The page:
Asia-Pacific

Indonesia

Wahid’s Woes

The beleaguered Indonesian President Abdurrahman Wahid  may soon meet a fate similar to that of former President Joseph Estrada of the neighboring Philippines, who was impeached and ousted from power on corruption charges in January.

Calls for the infirm and nearly blind Gus Dur, as Wahid is known, to step down have mounted recently after the House of Representatives issued a memorandum against him over his alleged misuse of funds from both the State Logistics Agency (Bulog) and the Sultan of Brunei.

Wahid supporters attribute the memorandum and the chaotic street protests it sparked to the manipulations of former dictator Suharto’s party, Golkar. Jakarta’s independent weekly newsmagazine Tempo wrote (Feb. 20-26), “People consider the party still a part of the New Order, which threatens and could harm ongoing reforms.”

But the spate of troubles now facing Wahid go beyond mere party politics. A Feb. 6 editorial in New Delhi’s independent The Statesman said, “Violence relating to the separatist movement in oil-rich Aceh continues unabated, communal riots between Muslims and Christians are frequent, and militias run amok in Timor. All of which keeps international investors jittery.”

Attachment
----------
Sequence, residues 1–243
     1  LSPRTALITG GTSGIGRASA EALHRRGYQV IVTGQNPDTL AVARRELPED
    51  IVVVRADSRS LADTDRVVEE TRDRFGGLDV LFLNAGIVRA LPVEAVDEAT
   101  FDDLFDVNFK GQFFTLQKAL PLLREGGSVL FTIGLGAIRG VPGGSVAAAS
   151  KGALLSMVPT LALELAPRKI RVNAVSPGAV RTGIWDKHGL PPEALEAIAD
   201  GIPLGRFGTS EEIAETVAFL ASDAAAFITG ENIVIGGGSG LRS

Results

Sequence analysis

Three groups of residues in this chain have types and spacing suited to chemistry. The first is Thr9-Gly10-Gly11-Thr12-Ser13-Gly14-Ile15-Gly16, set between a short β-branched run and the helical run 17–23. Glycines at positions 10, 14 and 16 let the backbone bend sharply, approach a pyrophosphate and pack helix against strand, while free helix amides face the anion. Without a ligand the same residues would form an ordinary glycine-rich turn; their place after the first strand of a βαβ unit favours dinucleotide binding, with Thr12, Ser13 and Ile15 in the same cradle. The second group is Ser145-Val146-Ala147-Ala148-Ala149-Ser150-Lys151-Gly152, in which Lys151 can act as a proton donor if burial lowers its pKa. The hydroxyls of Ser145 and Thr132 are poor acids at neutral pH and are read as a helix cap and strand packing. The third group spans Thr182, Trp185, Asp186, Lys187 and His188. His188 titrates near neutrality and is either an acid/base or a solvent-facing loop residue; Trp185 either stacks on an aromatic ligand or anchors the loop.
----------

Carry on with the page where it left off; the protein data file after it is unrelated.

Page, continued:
According to reports, the crisis of confidence surrounding Wahid is particularly upsetting to Indonesians, be- cause they saw Wahid as a man of moral authority, one who would clean up the system after Suharto’s corrupt regime.

The recent financial imbroglio has only added to discontent with his leadership, which has made little headway in solving Indonesia’s myriad social and economic problems. “To an increasing number of Indonesians, he has the appearance of a lame-duck leader, a man who squandered an opportunity to give the nation some semblance of stability and reform,” David Jenkins wrote in Melbourne’s centrist The Age (Feb. 6).

Commenting on the divisive pro-Wahid and anti-Wahid protests in East Java and other provinces, a Feb. 19 editorial in Jakarta’s independent Kompas expressed grave concern: “Could [these protests] be the seeds...of the increasing danger and widespread threat of national disintegration?”

One thing is certain, though. “Gus Dur cannot play around for the next three months....He has to make a full effort to improve his performance,” former Justice Minister Muladi said in the independent Jakarta Post. (Feb. 12).

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